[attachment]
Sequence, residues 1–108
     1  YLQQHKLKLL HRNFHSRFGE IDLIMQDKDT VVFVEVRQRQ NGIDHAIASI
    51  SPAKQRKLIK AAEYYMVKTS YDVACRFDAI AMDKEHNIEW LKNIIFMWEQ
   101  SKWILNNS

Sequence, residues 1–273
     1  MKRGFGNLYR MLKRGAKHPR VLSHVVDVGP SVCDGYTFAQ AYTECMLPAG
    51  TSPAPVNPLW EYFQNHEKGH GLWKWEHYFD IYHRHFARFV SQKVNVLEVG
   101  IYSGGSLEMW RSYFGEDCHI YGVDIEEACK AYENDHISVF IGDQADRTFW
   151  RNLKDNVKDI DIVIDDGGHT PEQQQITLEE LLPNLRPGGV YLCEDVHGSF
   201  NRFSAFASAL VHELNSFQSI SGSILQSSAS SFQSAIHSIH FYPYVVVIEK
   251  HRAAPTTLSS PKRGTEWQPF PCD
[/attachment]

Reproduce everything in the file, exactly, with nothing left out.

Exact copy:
Sequence, residues 1–108
     1  YLQQHKLKLL HRNFHSRFGE IDLIMQDKDT VVFVEVRQRQ NGIDHAIASI
    51  SPAKQRKLIK AAEYYMVKTS YDVACRFDAI AMDKEHNIEW LKNIIFMWEQ
   101  SKWILNNS

Sequence, residues 1–273
     1  MKRGFGNLYR MLKRGAKHPR VLSHVVDVGP SVCDGYTFAQ AYTECMLPAG
    51  TSPAPVNPLW EYFQNHEKGH GLWKWEHYFD IYHRHFARFV SQKVNVLEVG
   101  IYSGGSLEMW RSYFGEDCHI YGVDIEEACK AYENDHISVF IGDQADRTFW
   151  RNLKDNVKDI DIVIDDGGHT PEQQQITLEE LLPNLRPGGV YLCEDVHGSF
   201  NRFSAFASAL VHELNSFQSI SGSILQSSAS SFQSAIHSIH FYPYVVVIEK
   251  HRAAPTTLSS PKRGTEWQPF PCD